OFFBEAT: The days the music died

Michael Jackson's death is part of a long, sad story in rock and roll. Don't get too attached to your favorite musician, because he'
Tom Jackson
May 24, 2010

Michael Jackson's death is part of a long, sad story in rock and roll. Don't get too attached to your favorite musician, because he'll probably die young.

You can tell something about a person by asking which pop star's sudden death affected him the most.

For many people in my parents' generation, it's Elvis Presley, the original rock star.

Elvis was only 42 when he died Aug. 16, 1977. (Michael Jackson was 50.) The young reporters I work with probably cannot imagine how big Elvis was. There was no Internet and little cable TV when Elvis died, but I remember plenty of hoopla.

My mother was not a fan. She remembers telling my dad during the 1950s to come quick, and see the "hoodlum" who was appearing on TV.

Many other people did not feel the same way. When former Beatle John Lennon was interviewed in the early 1970s, he talked about how much he loved Elvis. When the interviewer asked if Lennon liked anyone contemporary, Lennon shot back, "Is he dead?" Many people have recorded Bob Dylan's songs, but Dylan's favorite cover was Elvis' version of "Tomorrow Is a Long Time." Dylan said, "Hearing him for the first time was like busting out of jail."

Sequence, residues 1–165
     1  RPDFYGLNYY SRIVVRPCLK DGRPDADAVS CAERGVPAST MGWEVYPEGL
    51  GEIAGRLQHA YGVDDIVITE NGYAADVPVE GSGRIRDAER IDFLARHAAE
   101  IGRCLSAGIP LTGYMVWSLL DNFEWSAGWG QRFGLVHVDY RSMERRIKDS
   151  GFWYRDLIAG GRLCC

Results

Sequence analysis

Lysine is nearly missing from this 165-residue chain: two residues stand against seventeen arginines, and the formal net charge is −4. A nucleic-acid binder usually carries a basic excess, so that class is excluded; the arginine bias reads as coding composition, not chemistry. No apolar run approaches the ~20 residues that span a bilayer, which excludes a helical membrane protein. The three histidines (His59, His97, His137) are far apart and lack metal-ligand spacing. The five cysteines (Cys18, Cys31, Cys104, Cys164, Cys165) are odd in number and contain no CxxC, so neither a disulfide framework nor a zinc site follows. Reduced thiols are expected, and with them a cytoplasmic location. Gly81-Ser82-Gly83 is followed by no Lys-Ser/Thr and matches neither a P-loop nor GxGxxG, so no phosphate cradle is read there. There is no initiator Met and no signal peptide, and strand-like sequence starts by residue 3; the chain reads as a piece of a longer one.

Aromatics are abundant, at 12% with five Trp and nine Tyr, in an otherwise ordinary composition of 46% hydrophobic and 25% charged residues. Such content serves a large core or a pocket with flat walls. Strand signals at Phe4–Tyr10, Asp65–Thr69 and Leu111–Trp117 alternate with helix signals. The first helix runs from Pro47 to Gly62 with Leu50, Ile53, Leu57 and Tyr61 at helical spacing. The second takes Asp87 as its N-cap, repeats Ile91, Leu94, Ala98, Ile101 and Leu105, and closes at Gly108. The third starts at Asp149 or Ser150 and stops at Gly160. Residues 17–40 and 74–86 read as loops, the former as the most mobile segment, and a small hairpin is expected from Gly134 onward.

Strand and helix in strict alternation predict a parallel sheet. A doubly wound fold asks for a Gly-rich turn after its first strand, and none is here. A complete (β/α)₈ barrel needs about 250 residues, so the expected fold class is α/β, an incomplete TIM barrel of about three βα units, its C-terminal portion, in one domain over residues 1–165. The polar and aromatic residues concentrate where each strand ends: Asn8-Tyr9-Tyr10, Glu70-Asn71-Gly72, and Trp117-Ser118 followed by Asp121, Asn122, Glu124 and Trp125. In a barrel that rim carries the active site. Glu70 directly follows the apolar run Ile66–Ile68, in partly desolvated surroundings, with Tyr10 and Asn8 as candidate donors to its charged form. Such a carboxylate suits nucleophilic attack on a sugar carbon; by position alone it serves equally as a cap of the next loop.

John Lennon's death shocked me the most.

I am a huge Beatles fan, to the point where I've repeatedly bought their often-shoddy solo albums, and I was very upset when John Lennon was gunned down on Dec. 8, 1980. I found out when Howard Cosell abruptly announced it during a "Monday Night Football" game I was watching. Friends called me long distance to discuss it.

Lennon was only 40, still making good music. Thinking about the songs he might have written boggles my mind.

The most upsetting experience for my wife, Ann, was when her favorite singer, John Denver, 53, crashed his plane off the California coast in 1997.

When my wife was in college, she and a friend traveled to Aspen, Colo. They were there to visit a relative of Ann's but were well aware Denver lived there, and made a joke of looking for him: "Look, there's John Denver!"

One day, it really was him. When the pair asked for a photograph, Denver obligingly posed, one arm around each girl, as a friend of Denver's snapped a picture. A framed photo now sits in our guest bedroom.

What is it about rock music, anyway? Can't anybody stick around?

And should musicians be allowed to board airplanes? Buddy Holly (whose band, The Crickets, inspired the band name The Beatles) was only 22 when he died in a plane crash in 1959. Otis Redding was 26 when he died in a plane crash the day after appearing on TV in Cleveland. Blues guitarist Stevie Ray Vaughan died in a helicopter crash in 1990. And then there's Jim Croce, Ricky Nelson, Ronnie Van Zant, Patsy Cline ...

Is there a major band or major style of rock music that isn't associated with premature death? Brian Jones of the Rolling Stones -- he actually had formed the band -- was found at the bottom of a swimming pool. Jimi Hendrix might have kept on changing music if he hadn't died in 1970.

Multiply the names you recognize 10 or 20 times to gain some idea of what's happened to music.

The Gin Blossoms, an alternative rock band, made one really good album, "New Miserable Experience." The possibility of making another one just as good evaporated forever when the band's best songwriter, Doug Hopkins, fired from the band for alcoholism, committed suicide.